Some corollaries for partitions:

No partition of size k<|X| dominates any other (non-degenerate) partition of size ≥k

P is always the unique smallest partition dominating itself

The discrete partition {{x}:x∈X} uniquely dominates all other partitions (and is the unique smallest information structure which dominates all others in general).

3.2 What's missing

So we've seen that by default, there's no nontrivial superiority of information structures over all possible utility functions. What's missing to allow for more interesting convergence behavior? Two things:

A way to break the symmetry between different information structures. There's nothing to break the symmetry between different x or actions, and so (for example) only part-sizes to break the symmetry between different partitions. This fundamentally prevents strong convergence to exact information structures of a given size.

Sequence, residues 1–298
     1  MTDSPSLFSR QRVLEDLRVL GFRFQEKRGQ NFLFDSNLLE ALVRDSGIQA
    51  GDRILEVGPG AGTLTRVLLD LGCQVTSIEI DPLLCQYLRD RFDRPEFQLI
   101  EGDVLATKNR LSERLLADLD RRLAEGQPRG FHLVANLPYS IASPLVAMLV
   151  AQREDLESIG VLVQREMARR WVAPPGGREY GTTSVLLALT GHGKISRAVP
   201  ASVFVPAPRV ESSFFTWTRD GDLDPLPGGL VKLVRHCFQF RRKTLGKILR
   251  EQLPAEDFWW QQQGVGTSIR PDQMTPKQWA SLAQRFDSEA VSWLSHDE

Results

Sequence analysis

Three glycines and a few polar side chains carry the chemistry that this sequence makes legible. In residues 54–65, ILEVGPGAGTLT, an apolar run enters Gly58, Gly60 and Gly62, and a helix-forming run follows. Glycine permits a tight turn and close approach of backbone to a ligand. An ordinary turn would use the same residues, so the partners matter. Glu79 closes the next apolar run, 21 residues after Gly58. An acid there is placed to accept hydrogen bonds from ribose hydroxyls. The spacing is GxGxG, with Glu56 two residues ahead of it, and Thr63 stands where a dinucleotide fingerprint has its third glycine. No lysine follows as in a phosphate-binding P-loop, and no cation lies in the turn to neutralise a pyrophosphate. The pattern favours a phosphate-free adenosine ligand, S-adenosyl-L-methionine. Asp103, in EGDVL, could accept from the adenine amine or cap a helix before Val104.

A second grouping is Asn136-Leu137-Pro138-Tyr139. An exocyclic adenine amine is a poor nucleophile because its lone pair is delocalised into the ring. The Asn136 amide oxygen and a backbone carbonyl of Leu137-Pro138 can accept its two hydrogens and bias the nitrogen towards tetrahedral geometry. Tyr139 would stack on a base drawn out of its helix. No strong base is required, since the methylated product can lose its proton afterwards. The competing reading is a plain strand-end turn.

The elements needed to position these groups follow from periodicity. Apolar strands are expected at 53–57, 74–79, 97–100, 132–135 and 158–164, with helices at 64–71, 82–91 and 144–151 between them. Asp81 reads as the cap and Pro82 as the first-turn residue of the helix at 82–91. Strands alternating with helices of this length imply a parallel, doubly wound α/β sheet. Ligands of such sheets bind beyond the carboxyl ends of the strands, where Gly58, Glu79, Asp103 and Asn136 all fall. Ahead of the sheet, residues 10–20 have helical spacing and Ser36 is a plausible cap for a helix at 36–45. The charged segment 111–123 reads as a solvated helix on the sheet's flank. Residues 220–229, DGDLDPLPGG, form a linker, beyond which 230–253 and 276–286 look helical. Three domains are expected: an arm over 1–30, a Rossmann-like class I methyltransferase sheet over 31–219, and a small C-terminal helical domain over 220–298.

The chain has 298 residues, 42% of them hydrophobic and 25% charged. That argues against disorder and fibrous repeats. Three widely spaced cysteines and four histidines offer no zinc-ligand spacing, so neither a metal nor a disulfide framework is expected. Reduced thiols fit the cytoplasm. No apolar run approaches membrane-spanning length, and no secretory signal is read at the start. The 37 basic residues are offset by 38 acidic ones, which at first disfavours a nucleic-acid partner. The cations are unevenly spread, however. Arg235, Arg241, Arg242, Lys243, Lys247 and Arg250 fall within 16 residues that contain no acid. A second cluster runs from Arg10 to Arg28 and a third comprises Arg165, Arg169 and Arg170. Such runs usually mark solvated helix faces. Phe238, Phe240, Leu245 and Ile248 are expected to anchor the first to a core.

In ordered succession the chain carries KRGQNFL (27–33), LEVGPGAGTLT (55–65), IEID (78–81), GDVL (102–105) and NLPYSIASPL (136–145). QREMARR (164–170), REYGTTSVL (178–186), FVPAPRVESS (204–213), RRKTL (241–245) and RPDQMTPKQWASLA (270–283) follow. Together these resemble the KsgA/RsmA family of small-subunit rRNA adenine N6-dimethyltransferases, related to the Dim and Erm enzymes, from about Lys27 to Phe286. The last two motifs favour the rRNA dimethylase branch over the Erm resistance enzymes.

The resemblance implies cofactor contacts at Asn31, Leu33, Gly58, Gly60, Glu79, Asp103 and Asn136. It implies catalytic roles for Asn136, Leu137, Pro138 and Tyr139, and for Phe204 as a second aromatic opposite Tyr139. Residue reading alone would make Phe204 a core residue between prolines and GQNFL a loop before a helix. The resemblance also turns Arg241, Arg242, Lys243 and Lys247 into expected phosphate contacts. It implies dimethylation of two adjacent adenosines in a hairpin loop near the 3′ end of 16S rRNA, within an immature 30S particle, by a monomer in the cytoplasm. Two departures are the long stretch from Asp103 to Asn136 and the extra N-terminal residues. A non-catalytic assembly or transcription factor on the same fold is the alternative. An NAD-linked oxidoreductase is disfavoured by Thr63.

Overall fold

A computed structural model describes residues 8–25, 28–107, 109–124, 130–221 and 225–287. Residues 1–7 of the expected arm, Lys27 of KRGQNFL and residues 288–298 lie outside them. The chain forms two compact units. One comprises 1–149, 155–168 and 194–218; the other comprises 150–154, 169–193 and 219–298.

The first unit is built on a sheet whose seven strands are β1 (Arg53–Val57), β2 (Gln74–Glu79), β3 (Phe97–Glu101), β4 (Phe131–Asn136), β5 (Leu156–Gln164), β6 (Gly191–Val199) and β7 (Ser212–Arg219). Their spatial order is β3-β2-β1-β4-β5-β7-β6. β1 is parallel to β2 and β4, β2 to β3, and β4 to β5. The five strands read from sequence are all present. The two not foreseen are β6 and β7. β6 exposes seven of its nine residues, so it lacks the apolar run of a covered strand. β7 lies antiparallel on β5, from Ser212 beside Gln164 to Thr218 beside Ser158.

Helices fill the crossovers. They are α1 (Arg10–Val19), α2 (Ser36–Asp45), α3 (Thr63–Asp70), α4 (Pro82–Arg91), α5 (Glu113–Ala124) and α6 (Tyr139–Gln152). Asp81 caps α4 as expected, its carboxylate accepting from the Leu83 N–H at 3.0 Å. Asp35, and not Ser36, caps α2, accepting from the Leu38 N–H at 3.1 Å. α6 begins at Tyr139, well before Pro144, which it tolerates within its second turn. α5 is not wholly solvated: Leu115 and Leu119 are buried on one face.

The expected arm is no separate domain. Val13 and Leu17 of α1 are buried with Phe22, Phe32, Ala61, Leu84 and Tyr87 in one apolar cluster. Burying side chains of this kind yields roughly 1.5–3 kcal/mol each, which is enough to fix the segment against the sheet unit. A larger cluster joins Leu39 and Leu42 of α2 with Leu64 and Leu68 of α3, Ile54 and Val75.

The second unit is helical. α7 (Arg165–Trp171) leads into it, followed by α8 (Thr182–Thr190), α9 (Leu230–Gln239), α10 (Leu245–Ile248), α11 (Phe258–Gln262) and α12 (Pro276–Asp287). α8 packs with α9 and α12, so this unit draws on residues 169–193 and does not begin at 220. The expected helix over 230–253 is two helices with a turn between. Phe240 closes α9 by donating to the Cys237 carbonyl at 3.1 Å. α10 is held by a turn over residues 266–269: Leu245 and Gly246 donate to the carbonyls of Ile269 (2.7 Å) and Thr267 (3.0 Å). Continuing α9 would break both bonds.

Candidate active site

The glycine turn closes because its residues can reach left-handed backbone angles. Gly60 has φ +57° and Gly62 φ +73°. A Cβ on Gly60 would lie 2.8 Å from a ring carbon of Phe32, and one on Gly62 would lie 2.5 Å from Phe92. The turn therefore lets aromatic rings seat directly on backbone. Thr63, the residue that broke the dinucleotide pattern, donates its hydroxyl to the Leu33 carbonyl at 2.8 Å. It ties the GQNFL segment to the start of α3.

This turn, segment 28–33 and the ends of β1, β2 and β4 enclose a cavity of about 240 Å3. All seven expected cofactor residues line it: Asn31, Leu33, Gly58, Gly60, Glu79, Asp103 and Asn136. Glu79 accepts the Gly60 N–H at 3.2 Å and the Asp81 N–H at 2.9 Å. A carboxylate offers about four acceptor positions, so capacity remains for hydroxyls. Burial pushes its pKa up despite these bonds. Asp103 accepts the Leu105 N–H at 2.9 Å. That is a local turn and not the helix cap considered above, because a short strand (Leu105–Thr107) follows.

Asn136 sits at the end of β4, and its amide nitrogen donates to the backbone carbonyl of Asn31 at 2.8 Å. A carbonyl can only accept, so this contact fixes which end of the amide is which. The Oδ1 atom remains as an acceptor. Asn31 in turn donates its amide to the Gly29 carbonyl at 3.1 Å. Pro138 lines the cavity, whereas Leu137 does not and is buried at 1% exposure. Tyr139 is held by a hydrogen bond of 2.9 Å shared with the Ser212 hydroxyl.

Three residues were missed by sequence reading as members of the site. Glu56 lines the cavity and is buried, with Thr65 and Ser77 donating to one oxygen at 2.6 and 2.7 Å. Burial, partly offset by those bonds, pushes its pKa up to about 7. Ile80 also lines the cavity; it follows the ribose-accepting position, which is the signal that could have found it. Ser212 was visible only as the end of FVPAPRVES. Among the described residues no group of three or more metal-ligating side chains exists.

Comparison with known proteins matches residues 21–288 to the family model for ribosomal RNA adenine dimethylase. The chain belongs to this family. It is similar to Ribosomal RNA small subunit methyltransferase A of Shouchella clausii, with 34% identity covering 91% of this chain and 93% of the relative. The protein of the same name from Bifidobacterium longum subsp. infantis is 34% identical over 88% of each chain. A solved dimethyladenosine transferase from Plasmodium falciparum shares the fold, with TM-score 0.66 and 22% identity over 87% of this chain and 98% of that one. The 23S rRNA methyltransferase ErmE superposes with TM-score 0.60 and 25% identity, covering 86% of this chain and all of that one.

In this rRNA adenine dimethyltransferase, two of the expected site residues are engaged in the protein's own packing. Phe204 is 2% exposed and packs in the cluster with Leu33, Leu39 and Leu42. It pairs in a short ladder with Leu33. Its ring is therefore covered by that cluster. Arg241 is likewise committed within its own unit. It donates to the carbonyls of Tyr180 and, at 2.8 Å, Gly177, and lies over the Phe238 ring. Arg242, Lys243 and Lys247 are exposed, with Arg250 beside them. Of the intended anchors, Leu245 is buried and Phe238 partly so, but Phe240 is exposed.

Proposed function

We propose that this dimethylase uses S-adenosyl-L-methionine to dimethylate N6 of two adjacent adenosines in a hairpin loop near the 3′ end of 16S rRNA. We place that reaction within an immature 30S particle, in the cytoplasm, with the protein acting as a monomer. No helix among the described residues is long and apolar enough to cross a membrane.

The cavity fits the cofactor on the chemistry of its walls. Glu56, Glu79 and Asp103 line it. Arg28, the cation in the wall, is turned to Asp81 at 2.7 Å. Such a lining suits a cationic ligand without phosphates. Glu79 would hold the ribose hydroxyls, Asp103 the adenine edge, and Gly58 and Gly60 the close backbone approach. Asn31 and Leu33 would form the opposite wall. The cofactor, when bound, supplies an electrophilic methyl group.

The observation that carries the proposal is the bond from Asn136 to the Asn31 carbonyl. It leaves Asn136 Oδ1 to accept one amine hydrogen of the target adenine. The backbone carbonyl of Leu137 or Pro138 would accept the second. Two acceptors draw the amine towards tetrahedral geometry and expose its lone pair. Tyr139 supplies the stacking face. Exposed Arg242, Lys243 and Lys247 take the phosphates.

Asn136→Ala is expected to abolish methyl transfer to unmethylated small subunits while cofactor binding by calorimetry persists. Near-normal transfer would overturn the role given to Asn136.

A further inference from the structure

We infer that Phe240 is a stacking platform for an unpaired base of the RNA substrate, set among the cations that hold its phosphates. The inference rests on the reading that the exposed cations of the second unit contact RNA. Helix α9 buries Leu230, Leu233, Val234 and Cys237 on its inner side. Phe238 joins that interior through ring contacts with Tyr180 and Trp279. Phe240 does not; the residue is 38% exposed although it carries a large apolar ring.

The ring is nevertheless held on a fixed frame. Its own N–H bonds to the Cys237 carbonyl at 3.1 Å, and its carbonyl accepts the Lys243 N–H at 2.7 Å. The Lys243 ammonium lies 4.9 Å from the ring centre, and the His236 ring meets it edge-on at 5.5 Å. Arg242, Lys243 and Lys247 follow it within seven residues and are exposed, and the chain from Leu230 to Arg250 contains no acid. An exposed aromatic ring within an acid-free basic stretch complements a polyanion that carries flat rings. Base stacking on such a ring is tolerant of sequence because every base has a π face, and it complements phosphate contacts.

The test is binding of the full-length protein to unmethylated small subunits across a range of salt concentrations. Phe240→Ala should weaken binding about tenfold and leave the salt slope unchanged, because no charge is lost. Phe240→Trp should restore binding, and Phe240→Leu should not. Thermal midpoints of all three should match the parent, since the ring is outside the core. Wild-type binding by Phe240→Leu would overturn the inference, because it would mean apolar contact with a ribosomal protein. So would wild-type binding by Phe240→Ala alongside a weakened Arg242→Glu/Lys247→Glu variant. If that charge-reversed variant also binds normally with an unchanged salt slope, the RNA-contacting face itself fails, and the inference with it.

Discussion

A non-extremal aggregation over utility functions. Looking at superiority over all utility functions is equivalent to considering only the worst-case. It also allows only boolean, not scalar, comparisons: φ either is or isn't better than φ′ for all U. Instead, looking at 'most' (and 'how many') utility functions will let us make finer distinctions between the usefulness of information structures.

The symmetry is the sharpest obstacle to stronger convergence, so we'll address 1) first.

4. Adding structure

4.1 Adding a 'system': the Good(er) Regulator Theorem

As a first example of what happens when we introduce more structure - and because it leads us another existing theorem - let's ask: what if we restrict the distinctions between x which the utility function is allowed to care about? What does this change about the preference dominance order?

The discrete version of this idea is for U to treat some values of X identically - at which point we can consider U to be defined on the equivalence classes of X, giving the 'causal' structure X∼→C→C×AU→R. What's the probabilistic version?